1. See my references below and go to your CINAHL database in your library and access the full-text article. Read at least one of the study articles that captured a benefit that you would like to see realized in your class to learn more about what the nurse researchers did to obtain that benefit.
  2. Identify what topics your students struggle within the clinical setting or in the classroom and make that content that likely has some degree of infobesity. And make time to integrate a short case study to make learning active through applying essential content to practice.
  3. Just do it. Nike got it right in this slogan fits for every nurse educator who recognizes the need to do things differently and implement needed change.

Free Case Study

I am passionate to do all that I can to strengthen nursing education so students graduate better prepared for real-world clinical practice. That is my why and the reason I developed my website and blog consistently to best serve the needs of nurse educators.

I now have a free resources page that has two free case studies on sepsis waiting for you to download!

Just go to the link below (click “Free” on the slider at top of the page:

Sepsis Case Studies (SKINNY Reasoning-concise or UNFOLDING Reasoning-complex)

If you need other topics, click the link to see what is current on KeithRN.

In Closing

Nursing education remains in need of radical transformation. To realize this needed change that will better prepare students for practice requires only one thing…Be willing to transform the way you teach.

This includes making learning active and emphasizing a deep understanding of essential content then reasoning with this information to make the correct judgment (Benner, Sutphen, Leonard, & Day, 2010).

Based on what is in the nursing literature, implementing a case-based curriculum beginning with the first semester is the missing link that can develop clinical thinking to better prepare your students for practice and licensure!

Want More? Related Blog Topics


How to make learning active and transform the way you teach!

Case studies are a practical way to practice clinical reasoning so students graduate practice ready and better prepared for the current and upcoming NextGen NCLEX®.

To get all-inclusive access to over 250 clinical reasoning case studies and tools to help your students think more like a nurse, subscribe to my annual membership site.

Better yet, get your entire department on board at a dramatic discount. Contact Keith for a no obligation estimate!

CLICK HERE to learn more!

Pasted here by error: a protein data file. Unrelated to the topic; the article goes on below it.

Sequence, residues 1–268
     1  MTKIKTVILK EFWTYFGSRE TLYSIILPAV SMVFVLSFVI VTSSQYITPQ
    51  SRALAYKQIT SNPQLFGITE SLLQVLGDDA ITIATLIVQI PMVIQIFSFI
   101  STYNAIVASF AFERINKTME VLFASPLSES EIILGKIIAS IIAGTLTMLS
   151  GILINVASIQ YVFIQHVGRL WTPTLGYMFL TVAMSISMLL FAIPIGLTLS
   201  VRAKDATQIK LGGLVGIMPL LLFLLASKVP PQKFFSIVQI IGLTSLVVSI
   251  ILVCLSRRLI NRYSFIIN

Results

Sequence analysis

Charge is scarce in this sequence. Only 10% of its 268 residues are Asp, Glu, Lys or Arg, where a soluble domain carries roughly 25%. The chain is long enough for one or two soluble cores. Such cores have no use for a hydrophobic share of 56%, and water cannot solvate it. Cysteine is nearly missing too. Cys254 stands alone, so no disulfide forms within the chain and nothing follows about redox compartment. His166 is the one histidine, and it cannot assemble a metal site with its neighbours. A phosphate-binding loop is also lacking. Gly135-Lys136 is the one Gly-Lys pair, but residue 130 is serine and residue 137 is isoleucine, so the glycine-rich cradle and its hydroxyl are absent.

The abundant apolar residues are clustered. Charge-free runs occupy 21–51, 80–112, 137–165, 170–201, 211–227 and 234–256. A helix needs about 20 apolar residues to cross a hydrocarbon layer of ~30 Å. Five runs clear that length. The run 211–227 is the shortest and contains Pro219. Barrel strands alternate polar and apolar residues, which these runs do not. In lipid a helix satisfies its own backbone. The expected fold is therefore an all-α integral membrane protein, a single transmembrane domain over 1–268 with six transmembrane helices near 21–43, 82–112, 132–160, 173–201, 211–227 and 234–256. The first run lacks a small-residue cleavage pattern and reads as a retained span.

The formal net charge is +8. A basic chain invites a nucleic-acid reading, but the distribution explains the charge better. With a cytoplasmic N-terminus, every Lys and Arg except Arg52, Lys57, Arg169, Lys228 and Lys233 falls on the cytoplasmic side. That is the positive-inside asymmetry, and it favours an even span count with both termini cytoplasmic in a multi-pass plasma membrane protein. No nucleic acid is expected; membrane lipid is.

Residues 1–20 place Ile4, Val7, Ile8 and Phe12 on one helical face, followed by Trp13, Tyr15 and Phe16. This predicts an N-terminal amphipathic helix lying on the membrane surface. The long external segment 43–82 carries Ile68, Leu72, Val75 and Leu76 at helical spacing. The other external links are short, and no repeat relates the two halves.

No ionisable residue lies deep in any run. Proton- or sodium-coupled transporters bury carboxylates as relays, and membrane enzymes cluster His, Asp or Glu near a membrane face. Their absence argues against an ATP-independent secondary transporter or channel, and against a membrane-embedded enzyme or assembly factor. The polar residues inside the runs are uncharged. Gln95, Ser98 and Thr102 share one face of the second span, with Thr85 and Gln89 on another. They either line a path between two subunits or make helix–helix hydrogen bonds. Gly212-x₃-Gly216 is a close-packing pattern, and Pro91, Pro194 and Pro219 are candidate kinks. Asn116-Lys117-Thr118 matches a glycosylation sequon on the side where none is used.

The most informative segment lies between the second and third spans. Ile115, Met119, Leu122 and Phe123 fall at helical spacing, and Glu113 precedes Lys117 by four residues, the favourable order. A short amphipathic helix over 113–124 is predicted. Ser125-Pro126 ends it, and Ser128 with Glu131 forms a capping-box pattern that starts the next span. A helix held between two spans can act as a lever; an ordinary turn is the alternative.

Guide to Facilitate Change for Educators

I wrote TEACH Students to THINK Like a Nurse to be a written guide to successfully implement educational best-practice to develop the thinking required for practice and the current and upcoming NextGen NCLEX®.

CLICK HERE to see how you can get the eBook free when you subscribe to my all-inclusive membership for nurse educators!

References

  • Benner, P., Sutphen, M., Leonard, V., & Day, L. (2010). Educating nurses: A call for radical transformation. San Francisco, CA: Jossey-Bass.
  • Dehghanzadeh & Jafaraghaee. (2018). Comparing the effects of traditional lecture and flipped classroom on nursing students’ critical thinking disposition: A quasi-experimental study. Nurse Education Today, 71, 151-156.
  • Duncan, K. & Schulz, P.S. (2015). Impact of change to a concept-based baccalaureate nursing curriculum on student and program outcomes. Journal of Nursing Education, 54(3), S16-20.
  • Forsgren, S., Christensen, T., & Hedemalm, A. (2014). Evaluation of the case method in nursing education. Nurse Education in Practice, 14(2), 164–169. https://doi.org/10.1016/j.nepr.2013.08.003
  • Gholami, M., Saki, M., Toulabi, T., Kordestani Moghadam, P., Hossein Pour, A. H., & Dostizadeh, R. (2017). Iranian nursing students’ experiences of case-basedlearning: A qualitative study. Journal of Professional Nursing, 33(3), 241–249. https://doi.org/10.1016/j.profnurs.2016.08.013
  • Harman, T., Bertrand, B., Greer, A., Pettus, A., Jennings, J., Wall-Bassett, E., & Babatunde, O. T. (2015). Case-based learning facilitates critical thinking in undergraduate nutrition education: Students describe the big picture. Journal of the Academy of Nutrition and Dietetics, 115(3), 378–388.
  • Hong, S., & Yu, P. (2017). Comparison of the effectiveness of two styles of case-based learning implemented in lectures for developing nursing students’ critical thinking ability: A randomized controlled trial. International Journal of Nursing Studies, 68, 16–24. https://doi.org/10.1016/j.ijnurstu.2016.12.008
  • Kantar, L. D., & Massouh, A. (2015). Case-based learning: What traditional curricula fail to teach. Nurse Education Today, 35(8), e8–e14. https://doi.org/10.1016/j.nedt.2015.03.010
  • Khan, M. A., Qamar, K., Khalid, S., & Javed, H. (2015). Comparison of case based learning with conventional teaching: Students’ perspective. Pakistan Armed Forces Medical Journal, 65(3), 415-419.
  • Kulak, V. & Newton, G. (2015). An investigation of the pedagogical impact of case based learning in a undergraduate biochemistry course. International Journal of Higher Education, 4(4), 13-24.
  • Yoo, M.-S., & Park, J.-H. (2014). Effect of case-based learning on the development of graduate nurses’ problem-solving ability. Nurse Education Today, 34(1), 47–51. https://doi.org/10.1016/j.nedt.2013.02.014

Author Keith Rischer

More posts by Keith Rischer

Leave a Reply

Transform the way you teach.